If you take in the logistics industry news, you are likely to also have nightmares about crumbling infrastructure, driver shortages, and the human workforce being taken over by robots. In an effort to keep our heads in the game and to educate ourselves about opportunities and risks in our industry, Keeping Pace sat down with Brian Jungeberg, VP Transportation for Risk Strategies.
Following is a transcript of our interview.
Brian: Adjusting to deductible and retention increases, the use of technology in a meaningful, impactful way, proactive safety and training, and executing follow-up on these constantly.
Brian: EVERY industry is vulnerable. I think transportation and logistics companies tend to believe they do not have “cyber risk” because they aren’t doing a ton of financial transactions daily, but every business in every sector is at risk of cyber security breaches, hacks, viruses, etc.
Brian: The biggest part of the driver shortage that concerns us is the inevitable influx of drivers who do not have good, solid driving experience. The lack of experience inevitably leads to more on the road incidents and accidents.
Brian: I think greater oversight tends to hurt the largest and smallest companies, but the middle of the pack (in terms of financial size) are able to flourish. Personally, I don’t believe greater regulatory oversight is necessary for your industry, but I also believe that the IC model has been thrust into the spotlight with Uber & Lyft, so the government sees an opportunity to capitalize on what it believes is lost revenue from the IC model and go after it. That is a negative for everyone, in my opinion.
Brian: Bad infrastructure will lead to higher risk factors, more claims, and higher costs. Road conditions are an important element in any incident, so if that is a poor element, it would only increase the impact it has in claims. I’m not sure I buy into the notion that the infrastructure is “crumbling,” but there are definitely some areas of the country that need some TLC and quickly!
Brian: From the insurance and risk management side – ELD is pretty cut and dry. Adhere to it, and it increases your chances of the safest operation you can have. That said, changes have been proposed and are being reviewed, which would change the game for an operation like Pace. Again, even if the ELD rules change, adhering to them is an absolute, but I would encourage ANY of my clients to help let the data guide you. So if you saw an increase in incidents with your drivers occurring in the last hour or two of a shift, then investigating the ability to have a lower # of hours of service threshold, as a practice of Pace, might make very good safety and financial sense.
Brian: Obviously all of the items mentioned adversely affect the customer and Pace. Hiring “good character” people and reinforcing a “good character” culture both go a VERY long way to ensuring those type of issues don’t happen. I believe Pace has that type of culture. You hire carefully, and you expect that each and every employee is going to do the right thing(s) each and every day. That thinking, shared across a team, keeps the “bad character” losses -fraud, abuse, and theft – from occurring. I think Pace bears the responsibility of cultivating a culture of “good people”, and it only strengthens the client experience with you if that is happening!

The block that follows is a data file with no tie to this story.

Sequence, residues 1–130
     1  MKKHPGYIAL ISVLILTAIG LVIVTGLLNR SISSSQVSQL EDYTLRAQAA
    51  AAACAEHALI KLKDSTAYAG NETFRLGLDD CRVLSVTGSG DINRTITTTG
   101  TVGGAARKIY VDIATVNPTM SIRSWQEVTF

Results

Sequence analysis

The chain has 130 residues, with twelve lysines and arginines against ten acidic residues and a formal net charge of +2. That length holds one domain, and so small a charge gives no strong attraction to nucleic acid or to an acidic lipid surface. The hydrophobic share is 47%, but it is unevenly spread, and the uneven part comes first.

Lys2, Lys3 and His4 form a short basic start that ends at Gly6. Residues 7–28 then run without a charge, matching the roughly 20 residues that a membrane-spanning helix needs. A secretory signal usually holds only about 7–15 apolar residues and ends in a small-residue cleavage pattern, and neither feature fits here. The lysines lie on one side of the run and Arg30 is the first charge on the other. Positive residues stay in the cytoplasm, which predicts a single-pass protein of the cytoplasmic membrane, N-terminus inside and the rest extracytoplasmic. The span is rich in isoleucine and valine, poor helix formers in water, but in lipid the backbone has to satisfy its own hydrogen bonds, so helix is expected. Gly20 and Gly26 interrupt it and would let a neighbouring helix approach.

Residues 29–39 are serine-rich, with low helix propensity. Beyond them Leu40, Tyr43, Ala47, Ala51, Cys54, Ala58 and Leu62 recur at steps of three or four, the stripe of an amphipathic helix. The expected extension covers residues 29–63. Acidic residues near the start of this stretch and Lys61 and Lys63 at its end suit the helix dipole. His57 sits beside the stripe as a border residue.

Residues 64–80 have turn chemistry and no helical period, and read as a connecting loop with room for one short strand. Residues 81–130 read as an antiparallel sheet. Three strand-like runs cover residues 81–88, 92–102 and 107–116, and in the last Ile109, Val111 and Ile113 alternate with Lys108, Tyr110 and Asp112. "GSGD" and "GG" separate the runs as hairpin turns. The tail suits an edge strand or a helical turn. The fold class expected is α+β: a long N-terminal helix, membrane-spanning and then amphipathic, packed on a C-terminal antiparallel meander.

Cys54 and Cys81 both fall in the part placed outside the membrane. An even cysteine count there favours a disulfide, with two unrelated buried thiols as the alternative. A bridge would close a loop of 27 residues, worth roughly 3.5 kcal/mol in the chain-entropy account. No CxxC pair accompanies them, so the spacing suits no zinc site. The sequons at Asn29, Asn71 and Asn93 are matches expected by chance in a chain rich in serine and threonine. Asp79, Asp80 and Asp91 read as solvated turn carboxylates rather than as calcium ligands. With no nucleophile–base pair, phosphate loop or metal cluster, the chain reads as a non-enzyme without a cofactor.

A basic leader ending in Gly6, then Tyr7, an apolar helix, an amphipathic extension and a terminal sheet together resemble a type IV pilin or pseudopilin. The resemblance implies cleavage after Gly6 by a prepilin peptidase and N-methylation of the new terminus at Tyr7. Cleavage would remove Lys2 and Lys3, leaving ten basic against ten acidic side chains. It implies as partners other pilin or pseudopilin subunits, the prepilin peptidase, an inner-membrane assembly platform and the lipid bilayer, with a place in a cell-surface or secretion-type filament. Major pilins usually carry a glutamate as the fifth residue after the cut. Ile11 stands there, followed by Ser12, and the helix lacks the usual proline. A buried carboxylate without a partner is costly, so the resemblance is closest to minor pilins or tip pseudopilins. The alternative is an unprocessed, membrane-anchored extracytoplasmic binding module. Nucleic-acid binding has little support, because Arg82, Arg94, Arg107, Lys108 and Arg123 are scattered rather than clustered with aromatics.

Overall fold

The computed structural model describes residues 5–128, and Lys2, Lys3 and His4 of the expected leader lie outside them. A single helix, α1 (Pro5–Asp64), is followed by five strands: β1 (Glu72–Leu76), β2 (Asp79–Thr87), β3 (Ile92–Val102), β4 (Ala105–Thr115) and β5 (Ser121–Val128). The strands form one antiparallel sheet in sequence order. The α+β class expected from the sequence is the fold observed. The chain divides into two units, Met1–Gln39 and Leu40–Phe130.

Brian: A good risk management approach and program utilizes all three of these to gauge a potential and new employee’s ability to work for Pace in a safe and effective way. Screening backgrounds and motor vehicle records give us an indication of how they have conducted themselves in the workplace and in a vehicle. Training once aboard gives us a glimpse at them as learners and safe employees, whether in an office, warehouse, or vehicle. If those in management positions get a sense that someone isn’t going to live up to the risk management standards and principles of the company, then it is best to let that person go quickly than to have an incident or accident inevitably occur later involving that employee in question.
Brian: The biggest risk is violating labor law while aiming to safeguard yourself, but good labor attorneys and resources (such as OpenForce – a vendor to Pace) can minimize the risk and maximize the safety & compliance.
Brian: Stricter guidelines with respects to moving violations, age of drivers in certain sized vehicles, and safety training during onboarding are the latest trends we are seeing. All are meant to reduce claims frequency and severity, so the ROI is excellent to all parties if they effectively reduce or eliminate claims.
Brian: Make it part of your culture. Live safety on a daily basis. Implement the safety plan and constantly reinforce it with all employees. Keep reinforcing it and sending the message in all sorts of different ways to keep it fresh and bright with staff. Videos from top management and staff of all levels are great, quick ways to educate and entertain, and without some entertainment, people may not watch or read!
Brian has been in his current role with Risk Strategies for the last two years and in the same role for seven years prior with Brightstone Insurance Services (acquired by Risk Strategies). Brian has consulted with Pace on risk management on an on-going basis. Risk Strategies approaches risk in an different manner. In their words, their approach is fast, smart, and innovative. In our industry, with technology, business models, and even regulations changing rapidly, we need to stay ahead of the curve.